I felt that the book was full of surprised and twists which I like in a crime/thriller novel and I like this book so much I started to read the nexr book in the series. As you may take away from that, I would recommend this series but would recommend starting at #1!
The Truth Waits by Susanna Beard is a psychological thriller partially set in Lithuania that features many themes including trafficking, crime as well as love and family.
This is Susanna Beards second novel but the first I have read and I have to say I thoroughly enjoyed. It is a novel full of suspense and twists which keep you compelled to keep reading. It begins with the main character finding a body on a beach and Lithuania and as she tries to find out what happened for the body to be there she uncovers secrets she didn’t expect to find. Although it is a psychological thriller there is also action and danger throughout. As we follow Anna with this journey we follow her life including her meeting Will, and she begins to fall in love. Through this area of the novel we explore the themes of love and family. We see how Anna life and mindset changes when Will comes into her life.
I really liked Anna as a character and thought she was realistic and likeable. She has her flaws and has made decisions that everyone won’t agree with but I think this helps for the readers to relate, nobody is perfect and its good to see that represented in a novel. We also see the aspects of being in a relationhsip where the woman is older is good to see as it is generally written about with the opposite.
The book has some heavy topics (such as trafficking, abortion etc) and I think that Susanna Beard tackled this really well! I would highly recommend this book.
I reached out to Susanna Beard and asked if I could ask her a few questions and she kindly said yes! (greatly appreciated, thank you!) So the following is those Questions and answers.
What made you want to become a writer, primarily of psychological thrillers?
I’ve wanted to write novels since I was a teenager – but didn’t have the confidence to go for it. In those days there were no creative writing courses, and writing (except for journalism, which didn’t appeal) wasn’t seen as a ‘proper’ job, sadly. I enjoyed writing throughout school and my English teacher gave me a love of reading and books — she was a great teacher and really inspired me.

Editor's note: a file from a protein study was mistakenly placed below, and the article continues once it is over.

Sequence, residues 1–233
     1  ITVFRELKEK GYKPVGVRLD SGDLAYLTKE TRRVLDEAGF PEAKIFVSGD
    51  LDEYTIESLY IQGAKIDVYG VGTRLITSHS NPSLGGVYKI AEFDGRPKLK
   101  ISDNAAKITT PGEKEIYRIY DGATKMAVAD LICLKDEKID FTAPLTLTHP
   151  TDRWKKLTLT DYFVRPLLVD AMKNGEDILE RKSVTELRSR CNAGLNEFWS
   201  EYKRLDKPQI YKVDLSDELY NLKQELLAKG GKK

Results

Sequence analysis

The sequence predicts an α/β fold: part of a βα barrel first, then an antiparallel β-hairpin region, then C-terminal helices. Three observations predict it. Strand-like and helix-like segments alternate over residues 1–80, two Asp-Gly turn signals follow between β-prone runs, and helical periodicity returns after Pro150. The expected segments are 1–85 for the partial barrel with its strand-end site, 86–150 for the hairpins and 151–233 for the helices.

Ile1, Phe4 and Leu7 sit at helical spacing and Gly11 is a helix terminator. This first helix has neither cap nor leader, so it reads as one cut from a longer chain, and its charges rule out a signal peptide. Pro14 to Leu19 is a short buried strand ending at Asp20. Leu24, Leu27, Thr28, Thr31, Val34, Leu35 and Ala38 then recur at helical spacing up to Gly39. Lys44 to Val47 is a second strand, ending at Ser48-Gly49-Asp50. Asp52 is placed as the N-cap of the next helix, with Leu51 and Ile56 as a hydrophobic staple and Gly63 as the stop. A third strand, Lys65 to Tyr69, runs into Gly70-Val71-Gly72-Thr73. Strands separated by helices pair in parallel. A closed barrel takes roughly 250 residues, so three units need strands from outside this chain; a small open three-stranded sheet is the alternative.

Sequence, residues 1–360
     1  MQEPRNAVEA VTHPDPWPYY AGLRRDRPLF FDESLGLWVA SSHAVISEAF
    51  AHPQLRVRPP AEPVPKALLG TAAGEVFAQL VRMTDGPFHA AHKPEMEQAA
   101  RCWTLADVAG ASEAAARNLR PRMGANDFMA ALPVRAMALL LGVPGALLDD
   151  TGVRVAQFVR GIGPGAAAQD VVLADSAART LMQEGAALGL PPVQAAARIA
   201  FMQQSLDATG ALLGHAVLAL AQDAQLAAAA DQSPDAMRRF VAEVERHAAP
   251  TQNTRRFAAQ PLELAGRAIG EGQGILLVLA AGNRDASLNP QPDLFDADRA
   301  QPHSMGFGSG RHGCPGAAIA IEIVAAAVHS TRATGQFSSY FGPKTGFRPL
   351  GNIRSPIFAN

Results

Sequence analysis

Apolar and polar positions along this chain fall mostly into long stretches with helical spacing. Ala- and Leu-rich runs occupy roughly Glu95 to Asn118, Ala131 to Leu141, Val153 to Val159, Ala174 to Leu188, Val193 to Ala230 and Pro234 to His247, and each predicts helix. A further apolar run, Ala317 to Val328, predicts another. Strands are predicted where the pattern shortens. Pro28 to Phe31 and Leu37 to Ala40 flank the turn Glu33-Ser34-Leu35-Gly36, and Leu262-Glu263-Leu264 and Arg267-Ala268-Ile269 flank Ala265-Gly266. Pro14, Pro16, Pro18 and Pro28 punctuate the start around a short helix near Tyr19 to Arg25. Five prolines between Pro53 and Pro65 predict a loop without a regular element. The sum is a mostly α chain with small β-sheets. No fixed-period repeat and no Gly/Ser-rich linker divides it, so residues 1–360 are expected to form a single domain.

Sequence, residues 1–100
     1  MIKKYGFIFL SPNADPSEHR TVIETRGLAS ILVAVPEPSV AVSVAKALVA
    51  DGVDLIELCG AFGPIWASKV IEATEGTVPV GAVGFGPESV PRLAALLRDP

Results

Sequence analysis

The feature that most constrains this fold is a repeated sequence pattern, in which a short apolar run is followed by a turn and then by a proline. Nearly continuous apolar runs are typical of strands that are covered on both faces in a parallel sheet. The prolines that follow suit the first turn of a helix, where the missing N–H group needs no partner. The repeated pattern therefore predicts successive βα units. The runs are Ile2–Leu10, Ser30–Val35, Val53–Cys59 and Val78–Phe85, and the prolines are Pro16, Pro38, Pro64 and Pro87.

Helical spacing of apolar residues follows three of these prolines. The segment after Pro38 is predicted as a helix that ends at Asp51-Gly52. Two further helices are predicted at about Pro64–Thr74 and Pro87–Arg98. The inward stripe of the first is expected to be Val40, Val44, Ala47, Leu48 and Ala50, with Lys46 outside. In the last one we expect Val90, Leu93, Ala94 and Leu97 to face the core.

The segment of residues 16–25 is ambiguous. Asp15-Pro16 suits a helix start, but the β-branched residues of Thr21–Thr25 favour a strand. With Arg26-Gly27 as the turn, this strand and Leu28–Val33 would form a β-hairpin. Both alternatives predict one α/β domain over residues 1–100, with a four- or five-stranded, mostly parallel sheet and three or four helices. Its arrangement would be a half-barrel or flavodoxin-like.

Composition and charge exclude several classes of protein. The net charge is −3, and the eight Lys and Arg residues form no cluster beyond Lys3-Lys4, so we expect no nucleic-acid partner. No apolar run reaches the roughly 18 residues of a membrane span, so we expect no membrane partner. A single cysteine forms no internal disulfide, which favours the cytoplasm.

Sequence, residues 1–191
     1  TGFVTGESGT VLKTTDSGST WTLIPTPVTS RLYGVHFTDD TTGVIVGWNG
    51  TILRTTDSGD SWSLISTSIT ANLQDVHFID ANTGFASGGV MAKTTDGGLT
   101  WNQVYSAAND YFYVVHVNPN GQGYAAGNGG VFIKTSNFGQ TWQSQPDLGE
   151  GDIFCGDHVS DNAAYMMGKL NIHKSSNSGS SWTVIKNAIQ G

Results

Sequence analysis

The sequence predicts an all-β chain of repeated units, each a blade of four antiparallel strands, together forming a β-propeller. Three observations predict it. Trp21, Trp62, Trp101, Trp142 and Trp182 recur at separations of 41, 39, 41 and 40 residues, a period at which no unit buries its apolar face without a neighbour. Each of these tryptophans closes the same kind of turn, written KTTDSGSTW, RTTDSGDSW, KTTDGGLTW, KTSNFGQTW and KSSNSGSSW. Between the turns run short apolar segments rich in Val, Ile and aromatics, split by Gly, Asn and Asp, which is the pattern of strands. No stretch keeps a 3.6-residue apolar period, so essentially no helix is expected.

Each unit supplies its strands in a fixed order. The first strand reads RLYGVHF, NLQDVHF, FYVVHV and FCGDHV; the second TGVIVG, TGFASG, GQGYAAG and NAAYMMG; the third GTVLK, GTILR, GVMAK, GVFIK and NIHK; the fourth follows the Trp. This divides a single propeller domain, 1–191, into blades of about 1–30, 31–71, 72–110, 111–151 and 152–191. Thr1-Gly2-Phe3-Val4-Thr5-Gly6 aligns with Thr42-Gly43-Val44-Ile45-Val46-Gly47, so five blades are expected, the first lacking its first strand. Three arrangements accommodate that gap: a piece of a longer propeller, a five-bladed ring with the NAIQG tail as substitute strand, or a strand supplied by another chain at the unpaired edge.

When I started my first novel, Dare to Remember, I was just writing a story: I didn’t have any idea it would turn out to be a psychological thriller! When my publisher called it that, it was a surprise. At the time, the genre was very popular (and still is), so I decided it was going to be my focus.
2. Did you have any specific inspiration, or influence to write ‘The Truth Waits’?
Well it was around the time of the huge interest in thrillers, so after my first was published, I decided to start with a thriller-y premise – like the body on the beach!
I then added in some themes I was interested in, like the older woman with a younger man, the concept of people being thrown together – as they were when the Icelandic volcano erupted – and sex trafficking.
3. What research or process did you follow in order to write ‘The Truth Waits’?
Having decided to set the book partly in Lithuania, I looked online at images of the coastline, which looked perfect – great long, empty sandy beaches, dark skies, threatening waters. I also researched sex trafficking, mostly online, and talked to agencies like Victim Support to get a good picture of how sex trafficking works and what happens to the victims.
I met the Lithuanian Attaché in London to get further background on the country, its politics and history. I then spent four days visiting Klaipeda and the Kuronian Spit where the beach was, and travelled by train across the country to Vilnius. It was great to visit a completely different place and to learn about the geography, customs (and even the police!).
4. What made you write this book in the third person, rather than the first?
I suppose I felt more comfortable in third, though I have since written some characters in first. I think it depends on how close you want to be to the deeper thoughts and feelings of your character – though in ‘close’ third (where everything is written from the personal POV of your protagonist, including description), you get a similar feel to first.
5. Was it a conscious decision to make the main character a female, a strong, independent businesswoman at that?
It was indeed! There are parts of me in her – although she’s not me. I like strong female characters and would find it hard to write a woman who stayed weak and submissive throughout the story. I would have to make her change as events unfold and become strong.
As I’m writing mostly contemporary fiction, I aim to write my stories as a realistic picture of women’s lives, and I think today there are many, many women (in developed countries, at least) who are independent and successful, in multiple ways.